President Barack Obama delivers remarks on health insurance reform at St. Charles High School in St. Louis, Missouri, March 10, 2010. Credit: Reuters/Jim Young

Visiting America's heartland, Obama tried to rally support for his healthcare legislation among wavering Democrats. He urged them to set aside their worries about a political backlash and support the legislation.

Folks in Washington, they like to talk. So Washington is doing right now what Washington does, he told a crowd at a high school in St. Charles, Missouri. They're speculating breathlessly day or night. Every columnist. Every pundit. Every talking head. Is this proposal going to help the Republicans or is this proposal going to help the Democrats?

The time to talk is over. It's time to vote, he said. I don't know about the politics, but I know that it is the right thing to do and that is why I am fighting so hard to get it done.

His campaign-style visit was part of a final push to pass an overhaul of the $2.5 trillion healthcare system.

Whether the bill passes or fails, the healthcare debate is likely to be a major issue in the November elections that could shift the balance of power in Congress now dominated by Democrats.

As Obama's motorcade made its way toward the speech venue, hundreds of protesters from both sides lined the streets waving placards that said, Healthcare for all, Kill the bill, Republicans for healthcare reform and Say no to socialism.

Obama insisted his plan would rein in profit-hungry health companies. Trying to build support for the bill, he and his fellow Democrats have accused the health insurance industry of putting profits before the interests of patients.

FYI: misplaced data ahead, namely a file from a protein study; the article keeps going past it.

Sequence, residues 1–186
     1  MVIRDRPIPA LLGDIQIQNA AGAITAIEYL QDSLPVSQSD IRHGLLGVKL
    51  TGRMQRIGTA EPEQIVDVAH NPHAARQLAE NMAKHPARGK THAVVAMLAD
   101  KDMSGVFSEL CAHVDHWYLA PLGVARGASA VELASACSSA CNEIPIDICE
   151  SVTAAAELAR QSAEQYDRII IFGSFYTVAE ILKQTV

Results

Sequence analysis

In Washington, Health Secretary Kathleen Sebelius told a health insurance industry group that failure to pass health reform would cause costs and premiums would soar and force more Americans and businesses to drop coverage.

We will have a situation where the market is unsustainable, Sebelius said in a speech to a conference sponsored by America's Health Insurance Plans.

Insurers could give up some of their profits to make premiums more affordable and work with Congress to enact the legislation, she said.


AHIP President Karen Ignagni said the industry would accept Sebelius's challenge to offer more proposals for healthcare cost savings but the bill did not go far enough in reining in healthcare costs.

Democrats were still making changes to the overhaul and are awaiting cost estimates from the Congressional Budget Office, a process that could slip into next week.

House Speaker Nancy Pelosi, Senate Democratic leader Harry Reid and other congressional leaders met at the U.S. Capitol for more than two hours with White House Chief of Staff Rahm Emanuel to discuss the next steps.

We had a very good meeting, made a lot of progress, worked through a number of issues. We've resolved a number of issues, Emanuel told reporters afterward. More meetings are planned on Thursday.

In Missouri, Obama pledged to stamp out waste in Medicare and Medicaid, the government-run medical programs for the elderly and needy.

The White House said the new effort to root out improper payments in the two programs could double taxpayer savings to at least $2 billion over the next three years.

Obama accused his critics of using divisive and deceptive rhetoric to try to scare the public by suggesting the bill would result in reduced access to care for older people who rely on Medicare. We're not going to weaken it. We're going to make it stronger, he said.

Republicans have been united in opposing the bill and have criticized a budget process called reconciliation that Democrats plan to use to get a final bill to Obama for his signature.

That process will allow the Democratic majority to pass final legislation by a simple 51-vote majority in the 100-member Senate instead of the 60 votes needed to overcome Republican opposition.

If they ram this bill through the House like this they lose their majority, said Representative Eric Cantor, the No. 2 Republican in the House. They do this at their own peril.

(Additional reporting by Donna Smith, Alister Bull, Steve Holland, Jeff Mason, John Whitesides and Thomas Ferraro; Editing by Eric Walsh and Chris Wilson)